Addition Operations


Five Out - Five dice are needed for each player. Each player on his turn rolls all five dice. Player then removes any fiveís and adds the rest and writes it down. Other players take their turns and do the same. On next round, each player throws any dice remaining, again removes any fiveís, and adds the rest to his previous total. This continues until no player has any dice left. Player with highest total wins.


Subtraction Facts


Addition and Subtraction Turnover - Each player is given 11 cards numbered from 0 thru 10. These are placed face up in a row. Regular playing cards could be used if you use Kings as zeros, Aces as ones, and take out all other face cards. Players roll two dice on a turn, and may choose to add or subtract the two numbers shown on the dice. If the resulting sum or difference equals one of the number cards still face up, the player may turn that card face down. Next player then takes his turn. This continues until one of the players wins by succeeding in turning all eleven of his cards face down.


Subtraction Operations


Subtraction Pig - Two or more players start out with 100 points each. Players in turn roll two dice and subtract that number from their points. A player on a turn continues rolling the dice and subtracting the resulting number from his remaining points until a one appears on any dice rolled.  That playerís turn ends and the next player takes a turn, rolls the dice, and subtracts the number from his remaining points. When a player has lost all of his points, he is out of the game. Last player in the game wins.


Multiplication Facts


Multiplication Monsters - This is a fun, change-of-pace activity to learn multiplication facts. It is particularly effective in helping players learn any multiplication facts they are finding especially difficult to learn because it uses the powerful memory strategy of using dramatization and visual imagery. Have players draw a multiplication monster for each fact they wish to memorize. For example, a monster with four feet, and three toes on each foot, could be the 4 x 3 = 12 monster.


Multiplication Operations


Whatís Your Favorite Number? - Ask someone what his or her favorite number is between 1 and 9. Then multiply the favorite number by 9. Multiply that by 12345679 and you know what? Your friend will be surprised when he sees you writing his favorite digit over and over again in the answer. That is, if you multiply correctly.

Slot Card Races - Cut an open slot in a card or blank piece of paper. The slot needs to be large enough to see only one math problem or fact at a time written in a column on another sheet of paper. The problems should be such that the player can work the answers out in his head. Math facts could also be used. Each player in turn tries to work the problems as fast as he can while being timed. The card is slid down from one problem to the next as he correctly answers each one. If a problem is answered incorrectly, the leader moves the card back one problem. Each player's time is written down. Players may re-challenge each other. A variation would be to move the card at a certain speed for all players to see how many problems they can do accurately at that speed before making a mistake.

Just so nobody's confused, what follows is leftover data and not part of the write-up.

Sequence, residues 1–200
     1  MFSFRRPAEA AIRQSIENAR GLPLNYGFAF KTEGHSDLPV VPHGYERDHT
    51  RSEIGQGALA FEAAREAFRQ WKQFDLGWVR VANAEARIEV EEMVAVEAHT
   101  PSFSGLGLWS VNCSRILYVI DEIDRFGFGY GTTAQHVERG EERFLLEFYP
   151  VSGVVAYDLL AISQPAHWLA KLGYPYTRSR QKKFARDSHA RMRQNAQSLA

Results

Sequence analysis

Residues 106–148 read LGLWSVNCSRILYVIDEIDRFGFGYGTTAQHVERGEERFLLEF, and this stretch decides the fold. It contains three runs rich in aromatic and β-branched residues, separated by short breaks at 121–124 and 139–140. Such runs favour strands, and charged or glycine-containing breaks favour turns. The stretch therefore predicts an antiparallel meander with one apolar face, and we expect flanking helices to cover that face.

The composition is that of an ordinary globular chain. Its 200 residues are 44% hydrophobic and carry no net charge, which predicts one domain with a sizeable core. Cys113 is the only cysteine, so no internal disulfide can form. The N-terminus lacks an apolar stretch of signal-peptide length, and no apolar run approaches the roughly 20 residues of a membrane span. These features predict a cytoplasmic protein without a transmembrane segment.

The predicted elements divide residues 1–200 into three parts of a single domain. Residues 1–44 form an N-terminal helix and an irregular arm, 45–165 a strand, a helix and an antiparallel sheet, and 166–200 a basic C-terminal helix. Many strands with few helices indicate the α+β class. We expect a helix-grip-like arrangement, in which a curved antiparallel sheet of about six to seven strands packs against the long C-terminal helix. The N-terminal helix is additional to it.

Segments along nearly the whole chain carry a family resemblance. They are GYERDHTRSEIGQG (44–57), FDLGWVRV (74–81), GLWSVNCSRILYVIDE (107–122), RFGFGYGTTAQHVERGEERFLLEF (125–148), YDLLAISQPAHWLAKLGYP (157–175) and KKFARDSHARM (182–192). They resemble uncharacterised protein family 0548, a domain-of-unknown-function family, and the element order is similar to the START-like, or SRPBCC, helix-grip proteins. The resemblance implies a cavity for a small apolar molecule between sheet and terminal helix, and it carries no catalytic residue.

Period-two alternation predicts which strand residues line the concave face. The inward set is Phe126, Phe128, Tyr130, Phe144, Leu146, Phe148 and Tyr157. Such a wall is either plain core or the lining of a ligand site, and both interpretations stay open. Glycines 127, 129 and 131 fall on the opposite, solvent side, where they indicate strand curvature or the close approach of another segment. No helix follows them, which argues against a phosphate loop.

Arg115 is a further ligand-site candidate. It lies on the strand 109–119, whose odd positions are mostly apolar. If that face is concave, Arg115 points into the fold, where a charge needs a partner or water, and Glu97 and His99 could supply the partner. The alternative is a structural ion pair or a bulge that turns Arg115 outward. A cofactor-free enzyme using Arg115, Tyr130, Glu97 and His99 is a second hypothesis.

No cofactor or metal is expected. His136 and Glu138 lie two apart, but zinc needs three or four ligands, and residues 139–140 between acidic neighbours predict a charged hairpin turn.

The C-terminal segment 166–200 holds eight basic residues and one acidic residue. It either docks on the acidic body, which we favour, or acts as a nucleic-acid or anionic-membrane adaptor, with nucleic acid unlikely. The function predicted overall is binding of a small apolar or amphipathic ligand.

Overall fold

Multiplying Two-Place Numbers By Eleven - Here is a quick way to multiply a two-place number by eleven. Write the number to be multiplied, but leave a space in between. Add the two digits, and write the sum in that space. You have your answer.

Example, if you wanted to multiply 11 x 36, write the 3 and 6 with a space in the middle. 3 + 6 equals 9, so write the 9 in that space. Your answer is 396.


An Added Suggestion


Make it a Family Tradition to Think About and Talk About Things Mathematically - Make it a habit in your family to share thoughts in mathematical terms.  Parents should share with their children things that involve mathematical thinking. This would include shopping, budgets, savings, investments, time lines, cooking, measuring, constructing, understanding the news, etc. The best way to do this is to think aloud as these activities are taking place.


For more than 340 more games and activities to develop math skills,

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You will then have the tools you need to significantly increase your childís math achievement.  You will have:

(1)     A clear explanation of the sequence of reading skills important for your child to learn from pre-school through junior high.

(2)     Simple tests to quickly evaluate what skills your child has learned and what he or she needs to learn next.

(3)     Fun games the whole family can enjoy to teach each reading skill and designed to put powerful learning principles and strategies to work for your child.